Not knowing what condition the road was in, we were pleasantly surprised to find it was in overall excellent shape. Mostly a two-track, it's narrow and situated mostly atop a long ridge heading east. The only obstacle we had was a partially-downed snag across the road that limited vehicle heights to less than 7 feet, which my truck managed. We drove in 4.2 miles to a large turn-around and parking area, near a signed kiosk at the McKittrick trailhead (#71). We were the only ones there, arriving about 10 a.m. I signed into the register and noted we were the first to sign in in 16 days, and only the second to sign in for all of 2007. I know not everyone signs in but even then I was surprised how few people venture this way. After some time getting ready we started in on the trail.

The trail starts mostly level and passes through a sparse stand of ponderosa pine and various sub-brush, plus some burned hulks attesting to a long-ago fire. It drops about 50 feet to a saddle, then starts a long gentle uphill grade amid larger, denser ponderosa. At some point here the trail narrows from an old road bed to a rather narrow trail, then widens again to a more comfortable width. After some level traversing across the north flank of a small knob, the trail comes to a Y-junction. We figured this to be a little under a mile, and we took a rest here. The weather was spectacular, with spotty clouds and a steady breeze, with temperatures in the 60s.

From here the trail swings north and starts a moderate uphill gradient through sparser vegetation including patches of young aspen and more dead, standing snags, again from the old fire. Soon it switchbacks back south, and finally gains the top of the broad summit ridge. In time we came to a sign mentioning Blue L.O., and could spot the lookout through the trees. An old trail continued south but was covered in deadfall. The main trail bent left here, so we cut the difference and entered into the underbrush, following a path of least resistance. We had to wade through a small section of dense brush including some sticker vines, then quickly came out into the clearing at the base of the tower, which stood a good 60 feet tall, we'd say. To here we figured a 1.25 mile hike and about 500 feet of gain, taking us about an hour at a leisurely pace.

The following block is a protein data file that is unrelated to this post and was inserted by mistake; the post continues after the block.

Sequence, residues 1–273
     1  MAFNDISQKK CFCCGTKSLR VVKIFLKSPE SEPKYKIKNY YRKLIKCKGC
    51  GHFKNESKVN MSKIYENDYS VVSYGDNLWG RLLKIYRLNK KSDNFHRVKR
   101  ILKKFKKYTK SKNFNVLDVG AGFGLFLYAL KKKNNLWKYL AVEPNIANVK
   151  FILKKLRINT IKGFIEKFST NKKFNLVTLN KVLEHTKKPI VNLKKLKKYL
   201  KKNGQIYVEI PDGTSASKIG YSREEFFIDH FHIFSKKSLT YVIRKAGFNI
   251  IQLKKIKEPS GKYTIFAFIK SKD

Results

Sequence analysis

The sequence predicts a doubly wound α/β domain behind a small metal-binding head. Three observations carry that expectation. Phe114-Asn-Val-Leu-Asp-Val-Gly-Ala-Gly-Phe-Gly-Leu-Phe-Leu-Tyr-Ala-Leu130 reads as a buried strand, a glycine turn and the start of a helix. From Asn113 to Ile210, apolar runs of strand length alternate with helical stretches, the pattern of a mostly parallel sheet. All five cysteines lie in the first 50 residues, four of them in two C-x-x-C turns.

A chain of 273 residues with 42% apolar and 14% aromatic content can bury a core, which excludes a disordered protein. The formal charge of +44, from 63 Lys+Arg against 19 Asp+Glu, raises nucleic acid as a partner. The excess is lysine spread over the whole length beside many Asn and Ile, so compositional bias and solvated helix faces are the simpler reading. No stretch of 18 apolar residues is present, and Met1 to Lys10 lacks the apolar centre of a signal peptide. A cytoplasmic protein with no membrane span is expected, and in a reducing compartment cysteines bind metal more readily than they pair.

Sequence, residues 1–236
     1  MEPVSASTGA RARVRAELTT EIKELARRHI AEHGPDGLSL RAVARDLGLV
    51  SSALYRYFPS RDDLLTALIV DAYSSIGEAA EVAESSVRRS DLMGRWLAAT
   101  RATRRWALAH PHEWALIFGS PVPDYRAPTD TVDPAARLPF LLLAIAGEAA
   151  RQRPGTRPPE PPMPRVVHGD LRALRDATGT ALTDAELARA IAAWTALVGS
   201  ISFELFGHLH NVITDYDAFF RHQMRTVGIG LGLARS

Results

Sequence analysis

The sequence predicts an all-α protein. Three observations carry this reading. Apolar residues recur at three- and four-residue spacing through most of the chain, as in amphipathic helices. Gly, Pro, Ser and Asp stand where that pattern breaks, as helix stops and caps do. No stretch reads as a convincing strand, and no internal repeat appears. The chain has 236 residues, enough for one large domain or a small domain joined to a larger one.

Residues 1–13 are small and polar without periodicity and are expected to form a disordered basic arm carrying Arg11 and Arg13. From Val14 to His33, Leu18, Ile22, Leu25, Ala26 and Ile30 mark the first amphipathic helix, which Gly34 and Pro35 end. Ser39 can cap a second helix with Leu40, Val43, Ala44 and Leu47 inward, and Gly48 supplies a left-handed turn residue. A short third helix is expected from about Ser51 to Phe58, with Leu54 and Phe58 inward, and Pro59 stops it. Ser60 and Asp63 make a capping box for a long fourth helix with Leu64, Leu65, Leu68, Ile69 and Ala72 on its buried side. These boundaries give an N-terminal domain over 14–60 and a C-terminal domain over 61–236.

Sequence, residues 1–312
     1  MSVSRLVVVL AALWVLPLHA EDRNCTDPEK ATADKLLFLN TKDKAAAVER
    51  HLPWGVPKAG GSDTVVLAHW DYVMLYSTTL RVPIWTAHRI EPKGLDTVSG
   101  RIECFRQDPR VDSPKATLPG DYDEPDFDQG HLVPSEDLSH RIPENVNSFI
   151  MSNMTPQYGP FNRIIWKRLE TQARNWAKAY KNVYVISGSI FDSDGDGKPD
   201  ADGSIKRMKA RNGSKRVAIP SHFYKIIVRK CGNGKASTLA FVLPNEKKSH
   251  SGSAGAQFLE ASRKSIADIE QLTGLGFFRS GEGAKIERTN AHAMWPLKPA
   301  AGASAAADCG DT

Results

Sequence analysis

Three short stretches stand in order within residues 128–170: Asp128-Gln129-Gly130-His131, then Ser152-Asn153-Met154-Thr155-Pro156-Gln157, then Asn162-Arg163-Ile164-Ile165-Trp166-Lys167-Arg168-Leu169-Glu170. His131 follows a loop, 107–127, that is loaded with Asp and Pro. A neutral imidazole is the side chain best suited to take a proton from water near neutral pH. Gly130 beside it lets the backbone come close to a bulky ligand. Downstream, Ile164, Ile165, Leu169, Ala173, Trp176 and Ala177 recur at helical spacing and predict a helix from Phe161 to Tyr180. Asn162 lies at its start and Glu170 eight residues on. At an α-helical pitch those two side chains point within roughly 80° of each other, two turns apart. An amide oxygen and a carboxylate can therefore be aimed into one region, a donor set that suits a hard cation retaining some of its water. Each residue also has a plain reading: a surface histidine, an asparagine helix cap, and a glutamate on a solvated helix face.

The tower was long ago abandoned by the Forest Service, and any intentions we had on climbing it were put aside when we noticed that all the wooden steps were not attached to the metal stair skeleton, except by gravity, and that some were missing. We spotted the USGS witness marker in some rocks near the base, but we had no luck finding the benchmarker. We found the sign-in register amid some rocks at the tower's northeast leg. We were the first to sign in since Andy Martin from last October, and only the 12th or so party since the register was placed here in 2004. The best views were out to the south, where the peak drops about 2,500 feet all at once. Views in other directions were mostly of the trees, although looking east we could see some distant peaks in New Mexico. Unfortunately, the immediate area around the tower was kind of trashy. There was an actual trash can there, tipped on its side with old trash spilling out. A future visitor might want to bring in a trash bag and carry it out.